Homo Luzonensis is described from a set of fossil bones and teeth that belonged to at least three individuals. Two of these fossils are between 50,000 and 67,000 years old according to the analysis of uranium series. They Are The first known human remains in the Philippines, which precede the first of Homo sapiens, from 30,000 to 40,000 years, discovered on the island of Palawan, in the south-west of the archipelago.

With Regard to the controversy that always involves this type of studies on human evolution and new species, the expert replies: “Of course, some colleagues will question the legitimacy of describing a new species based on a fairly small set of fossils , but the question of what is a species is a very debated issue that will not be resolved (nor will it become more complicated) with a discussion about whether it was a good or a bad idea to describe H. luzonensis. “

Détroit estimates that if his scientific colleagues can prove that they are wrong because fossils could enter one of the species of hominids already known, “we will simply group and forget, but in the meantime, I am convinced that it is the way in which We have to do this to improve our knowledge and understanding of the evolutionary history of the hominids. “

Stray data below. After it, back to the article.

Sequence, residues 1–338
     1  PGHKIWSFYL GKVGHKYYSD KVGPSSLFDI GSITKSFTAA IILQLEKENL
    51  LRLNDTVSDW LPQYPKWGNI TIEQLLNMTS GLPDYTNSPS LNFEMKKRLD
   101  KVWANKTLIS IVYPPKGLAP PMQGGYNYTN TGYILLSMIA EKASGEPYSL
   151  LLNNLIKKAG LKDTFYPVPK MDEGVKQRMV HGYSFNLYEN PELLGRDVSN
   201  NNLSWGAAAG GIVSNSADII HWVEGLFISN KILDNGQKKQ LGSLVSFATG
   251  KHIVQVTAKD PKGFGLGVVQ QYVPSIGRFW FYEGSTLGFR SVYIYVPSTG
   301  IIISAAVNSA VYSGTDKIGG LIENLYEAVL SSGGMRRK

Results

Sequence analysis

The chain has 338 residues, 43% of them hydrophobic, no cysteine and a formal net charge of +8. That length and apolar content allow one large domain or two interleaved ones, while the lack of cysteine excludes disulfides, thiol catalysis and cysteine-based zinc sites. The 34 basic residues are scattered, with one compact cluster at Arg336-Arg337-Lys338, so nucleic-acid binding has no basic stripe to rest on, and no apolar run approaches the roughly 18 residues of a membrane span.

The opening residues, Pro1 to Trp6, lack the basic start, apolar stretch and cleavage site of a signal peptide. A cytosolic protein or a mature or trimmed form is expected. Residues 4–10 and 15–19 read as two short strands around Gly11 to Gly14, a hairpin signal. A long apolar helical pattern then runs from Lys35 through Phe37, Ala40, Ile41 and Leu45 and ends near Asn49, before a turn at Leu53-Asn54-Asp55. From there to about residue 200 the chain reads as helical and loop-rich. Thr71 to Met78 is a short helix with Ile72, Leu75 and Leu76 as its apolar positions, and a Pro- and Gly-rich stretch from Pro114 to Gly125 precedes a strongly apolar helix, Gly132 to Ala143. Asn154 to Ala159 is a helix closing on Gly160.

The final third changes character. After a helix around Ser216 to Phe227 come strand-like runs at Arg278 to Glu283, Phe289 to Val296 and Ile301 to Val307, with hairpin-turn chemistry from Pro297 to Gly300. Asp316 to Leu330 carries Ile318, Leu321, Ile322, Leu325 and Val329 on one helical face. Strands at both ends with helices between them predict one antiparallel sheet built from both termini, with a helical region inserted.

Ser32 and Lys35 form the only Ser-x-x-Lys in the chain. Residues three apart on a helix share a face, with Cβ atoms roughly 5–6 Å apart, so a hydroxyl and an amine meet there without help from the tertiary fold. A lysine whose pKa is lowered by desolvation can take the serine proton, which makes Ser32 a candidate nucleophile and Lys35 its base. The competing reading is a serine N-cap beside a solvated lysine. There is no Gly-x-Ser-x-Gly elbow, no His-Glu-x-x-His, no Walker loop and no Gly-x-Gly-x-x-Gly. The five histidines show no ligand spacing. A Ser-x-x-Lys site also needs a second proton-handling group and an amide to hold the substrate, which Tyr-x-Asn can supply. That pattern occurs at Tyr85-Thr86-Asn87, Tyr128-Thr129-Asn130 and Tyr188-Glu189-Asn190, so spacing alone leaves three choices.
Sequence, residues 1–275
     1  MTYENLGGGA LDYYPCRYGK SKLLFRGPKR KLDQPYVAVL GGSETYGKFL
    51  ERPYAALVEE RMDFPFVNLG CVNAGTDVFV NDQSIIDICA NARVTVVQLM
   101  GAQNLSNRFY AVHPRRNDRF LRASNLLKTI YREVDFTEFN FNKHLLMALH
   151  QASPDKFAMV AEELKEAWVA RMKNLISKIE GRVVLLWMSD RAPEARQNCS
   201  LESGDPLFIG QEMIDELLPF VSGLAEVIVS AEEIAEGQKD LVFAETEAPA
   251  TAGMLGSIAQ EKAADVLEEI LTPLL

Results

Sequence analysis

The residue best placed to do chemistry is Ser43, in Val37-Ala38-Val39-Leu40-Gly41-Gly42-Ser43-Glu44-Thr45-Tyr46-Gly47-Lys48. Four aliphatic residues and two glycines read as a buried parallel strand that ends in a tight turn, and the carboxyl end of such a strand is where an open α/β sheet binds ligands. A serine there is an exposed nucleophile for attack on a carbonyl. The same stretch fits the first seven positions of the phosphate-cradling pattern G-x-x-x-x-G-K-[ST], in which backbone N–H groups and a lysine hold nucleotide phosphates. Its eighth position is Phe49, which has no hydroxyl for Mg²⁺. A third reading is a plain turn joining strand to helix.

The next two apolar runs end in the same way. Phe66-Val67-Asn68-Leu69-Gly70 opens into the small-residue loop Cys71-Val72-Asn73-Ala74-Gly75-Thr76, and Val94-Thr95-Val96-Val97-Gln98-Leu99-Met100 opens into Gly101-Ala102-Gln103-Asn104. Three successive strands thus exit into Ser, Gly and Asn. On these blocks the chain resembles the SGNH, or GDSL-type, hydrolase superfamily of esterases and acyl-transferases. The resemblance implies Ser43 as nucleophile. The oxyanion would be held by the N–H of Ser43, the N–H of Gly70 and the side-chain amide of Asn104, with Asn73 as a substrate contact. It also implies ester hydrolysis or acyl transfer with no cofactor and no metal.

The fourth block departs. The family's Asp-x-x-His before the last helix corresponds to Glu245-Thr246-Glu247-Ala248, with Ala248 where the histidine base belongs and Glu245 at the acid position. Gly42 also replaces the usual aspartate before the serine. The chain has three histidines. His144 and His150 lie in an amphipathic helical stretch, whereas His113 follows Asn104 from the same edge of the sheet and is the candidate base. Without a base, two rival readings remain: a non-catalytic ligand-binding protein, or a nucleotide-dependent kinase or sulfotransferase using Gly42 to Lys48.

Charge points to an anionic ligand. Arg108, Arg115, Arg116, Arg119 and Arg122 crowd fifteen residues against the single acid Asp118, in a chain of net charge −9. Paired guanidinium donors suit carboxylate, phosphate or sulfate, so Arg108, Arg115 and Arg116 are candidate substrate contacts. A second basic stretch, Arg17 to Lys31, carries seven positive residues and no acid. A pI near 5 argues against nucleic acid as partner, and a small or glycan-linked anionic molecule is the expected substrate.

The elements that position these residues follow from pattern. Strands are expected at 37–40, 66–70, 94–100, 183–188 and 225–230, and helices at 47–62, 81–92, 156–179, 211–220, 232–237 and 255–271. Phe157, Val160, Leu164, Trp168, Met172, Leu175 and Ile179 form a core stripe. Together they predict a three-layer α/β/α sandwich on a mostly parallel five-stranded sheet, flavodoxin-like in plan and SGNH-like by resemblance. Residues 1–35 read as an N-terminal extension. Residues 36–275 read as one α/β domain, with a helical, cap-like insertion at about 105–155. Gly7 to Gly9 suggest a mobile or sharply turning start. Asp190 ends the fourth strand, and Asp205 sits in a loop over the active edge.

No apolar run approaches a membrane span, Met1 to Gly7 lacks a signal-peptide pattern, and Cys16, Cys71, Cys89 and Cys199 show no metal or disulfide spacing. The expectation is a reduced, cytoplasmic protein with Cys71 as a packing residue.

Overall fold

The appearance of Homo luzonensis

One of the questions that always arises when one speaks of the discovery of a new species is about its appearance and behavior. However, because of the scarce elements with which they count, scientists are wary of estimating, for example, the body size of H. Luzonensis.

The strongest arguments indicate that he was probably a small-bodied hominid, the size of the denture and the metatarsal (published in 2010). The teeth are very small – more than those of Homo floresiensis – and we know that in primates there is a strong correlation between the size of the teeth and the body size, but, of course, it is not a strict rule and there are several exceptions. ” According to researchers, it should not have the image of H. Floresiensis as a model for its physical appearance, since it was also shown that the length of the metatarsal was within the range of the small body or ethnic groups called Negritos of the Philippines.

They Also believe that the way they walked might be different. The article mentions several characteristics of the bones of the foot that are very similar to Australopithecus and that are generally interpreted as evidence of a mixed locomotive behavior, bipedal on the ground and still climbing trees.